Environmental activists have underlined the need for a strong national institution that will provide leadership, coordination and create access to information to fully respond to the immediate and future challenges posed by climate change. In this regard, they called for the passage and implementation of the National Climate Change Commission/Agency which stagnated in the seventh National Assembly waiting for Presidential signature.
At a recent forum in Abuja on 5th June 2015 to commemorate the World Environment Day (WED) courtesy of the Environmental Rights Action (ERA)/Friends of the Earth Nigeria (FoEN), participants clamoured a shift from fossil fuel-based energy sources to cleaner energy options such as solar and mini-dams. According to them, the provision of reliable, clean, affordable energy access is required to create economic opportunities especially in the rural areas where there is need to grow Small and Medium Enterprises (SMEs).
Similarly, at forum on “Environmental Sustainability Agenda for National Development”, the activists called for the passage of the Petroleum Industry Bill (PIB) which, according to them, will guarantee the unbundling of the Nigeria National Petroleum Corporation (NNPC) and transparency and accountability in the oil sector. They recommended metering at the point of extraction of the country’s oil to check oil theft and shore up oil revenues.
The gathering likewise recommended the immediate implementation of the United Nations Environment Programme (UNEP) report on Ogoniland, adding that oil companies should be required to contribute an initial amount of $100 billion to address the issues raised in the UNEP report, in particular, restoration of the degraded environment.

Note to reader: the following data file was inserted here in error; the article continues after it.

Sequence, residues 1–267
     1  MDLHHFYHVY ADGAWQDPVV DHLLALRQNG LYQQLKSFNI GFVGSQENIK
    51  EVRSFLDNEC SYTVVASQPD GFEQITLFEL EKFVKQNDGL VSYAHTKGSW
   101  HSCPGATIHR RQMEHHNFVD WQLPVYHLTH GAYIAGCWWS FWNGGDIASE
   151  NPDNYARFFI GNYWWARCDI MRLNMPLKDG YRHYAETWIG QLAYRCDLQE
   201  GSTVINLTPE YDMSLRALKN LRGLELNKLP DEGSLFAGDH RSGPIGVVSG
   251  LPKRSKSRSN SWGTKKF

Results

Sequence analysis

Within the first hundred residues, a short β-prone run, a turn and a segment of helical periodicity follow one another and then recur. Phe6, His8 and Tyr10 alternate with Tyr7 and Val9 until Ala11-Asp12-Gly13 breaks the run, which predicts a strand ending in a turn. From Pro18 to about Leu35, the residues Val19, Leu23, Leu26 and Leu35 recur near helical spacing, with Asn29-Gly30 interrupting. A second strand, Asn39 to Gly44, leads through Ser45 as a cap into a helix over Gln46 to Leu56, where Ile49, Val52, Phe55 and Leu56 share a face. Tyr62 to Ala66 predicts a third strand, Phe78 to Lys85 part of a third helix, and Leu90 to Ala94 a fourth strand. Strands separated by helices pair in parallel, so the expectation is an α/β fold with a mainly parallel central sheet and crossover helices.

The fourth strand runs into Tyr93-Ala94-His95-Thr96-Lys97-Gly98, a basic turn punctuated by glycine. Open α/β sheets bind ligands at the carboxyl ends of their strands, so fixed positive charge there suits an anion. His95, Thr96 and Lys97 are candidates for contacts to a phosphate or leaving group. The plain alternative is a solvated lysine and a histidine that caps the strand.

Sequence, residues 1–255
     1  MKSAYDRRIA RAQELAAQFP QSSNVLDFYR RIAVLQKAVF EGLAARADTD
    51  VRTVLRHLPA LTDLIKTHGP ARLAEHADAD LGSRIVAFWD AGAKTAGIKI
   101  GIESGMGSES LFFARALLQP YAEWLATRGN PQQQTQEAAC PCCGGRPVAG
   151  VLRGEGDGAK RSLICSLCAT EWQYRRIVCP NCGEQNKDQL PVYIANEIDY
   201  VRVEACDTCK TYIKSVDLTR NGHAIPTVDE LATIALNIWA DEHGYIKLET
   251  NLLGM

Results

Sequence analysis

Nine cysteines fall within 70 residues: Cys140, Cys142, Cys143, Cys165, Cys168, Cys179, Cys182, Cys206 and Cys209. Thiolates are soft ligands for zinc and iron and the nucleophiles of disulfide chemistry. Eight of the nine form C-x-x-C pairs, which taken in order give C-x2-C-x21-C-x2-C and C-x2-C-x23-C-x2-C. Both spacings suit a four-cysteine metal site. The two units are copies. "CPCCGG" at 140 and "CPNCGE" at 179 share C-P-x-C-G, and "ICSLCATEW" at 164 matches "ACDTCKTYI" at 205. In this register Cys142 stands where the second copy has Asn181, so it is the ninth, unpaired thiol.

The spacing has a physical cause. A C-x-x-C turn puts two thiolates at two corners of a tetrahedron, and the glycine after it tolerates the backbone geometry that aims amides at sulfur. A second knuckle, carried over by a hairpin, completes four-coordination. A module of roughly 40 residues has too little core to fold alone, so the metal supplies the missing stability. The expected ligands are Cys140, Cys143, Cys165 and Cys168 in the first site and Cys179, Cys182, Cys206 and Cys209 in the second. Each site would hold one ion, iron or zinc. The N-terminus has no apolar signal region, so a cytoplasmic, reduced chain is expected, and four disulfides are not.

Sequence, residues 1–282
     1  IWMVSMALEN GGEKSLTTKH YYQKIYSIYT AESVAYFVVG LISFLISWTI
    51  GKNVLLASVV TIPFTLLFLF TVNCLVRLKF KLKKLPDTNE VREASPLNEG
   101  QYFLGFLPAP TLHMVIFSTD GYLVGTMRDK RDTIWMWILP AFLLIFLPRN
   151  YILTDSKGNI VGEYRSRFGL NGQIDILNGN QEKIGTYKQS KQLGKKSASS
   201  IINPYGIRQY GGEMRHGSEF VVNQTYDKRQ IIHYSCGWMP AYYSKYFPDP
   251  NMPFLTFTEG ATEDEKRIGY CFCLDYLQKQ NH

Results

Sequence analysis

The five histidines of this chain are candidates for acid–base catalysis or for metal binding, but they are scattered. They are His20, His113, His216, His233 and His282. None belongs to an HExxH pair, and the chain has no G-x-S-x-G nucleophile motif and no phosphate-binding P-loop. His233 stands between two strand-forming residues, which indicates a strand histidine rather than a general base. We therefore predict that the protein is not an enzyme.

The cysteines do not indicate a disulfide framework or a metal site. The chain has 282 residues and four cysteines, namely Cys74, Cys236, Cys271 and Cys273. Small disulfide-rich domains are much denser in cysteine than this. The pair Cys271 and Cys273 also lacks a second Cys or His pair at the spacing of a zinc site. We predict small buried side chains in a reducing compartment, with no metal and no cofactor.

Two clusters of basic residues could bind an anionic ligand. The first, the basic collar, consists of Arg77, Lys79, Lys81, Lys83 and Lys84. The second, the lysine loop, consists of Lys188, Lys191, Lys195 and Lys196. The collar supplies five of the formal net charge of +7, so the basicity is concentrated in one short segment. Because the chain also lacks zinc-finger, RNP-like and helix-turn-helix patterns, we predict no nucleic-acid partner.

Participants also underscored the need for a National Basic Income Scheme (NaBIS) to cater for the unemployed and aged that suffer social exclusion and livelihood losses from environmental degradation. A social security scheme initiative of N10,000 monthly, they reasoned, would unlock creative potentials and create social cohesion while building citizen’s morale.
Participants at the daylong event were drawn from community campaigners from across Nigeria, civil society groups, lawyers, labour unions, the academia, and the media among others, who brainstormed on the state of the Nigerian environment with a view to charting the way forward.
The gathering served as a platform for ERA/FoEN to present a roadmap to the Muhammadu Buhari government in form of a memo on how to tackle the myriad of environmental challenges and social exclusion of majority of Nigerians as part of the administrations “change” agenda.
In the course of the meeting participants made the following observations:
- Even with Nigeria’s much-touted commitment to the United Nations Framework Convention on Climate Change (UNFCCC), the country is yet to set up a National Climate Change Commission and unveil any credible roadmap to tackle climate change phenomenon.
- Environmental degradation continues to expand from northern Nigeria where desertification is ravaging 11 states, to the east that suffers from gulley erosion, and the south and west that suffer deforestation and unmitigated oil pollution respectively.
- Nigeria still relies heavily on oil and gas resources to the detriment of renewable sources of energy
- The extractive industry, particularly those operating in the Niger Delta, have institutionalised disdain for the environment due to their imperious influence on the Nigerian government.
- Nigerians still do not know exactly how much oil is extracted vis-à-vis volumes sold from the export terminals. Oil extraction and export is still fraught with theft as the oil companies continue to challenge metering at the point of extraction and at the export terminals
- Four years after its release, the Federal Government is yet to instigate or demonstrate the political will to implement the recommendations of the UNEP report on Ogoniland
- Social exclusion in the Nigerian polity continues to grow, creating discontent and a recourse to militancy and terrorism in various parts of the country.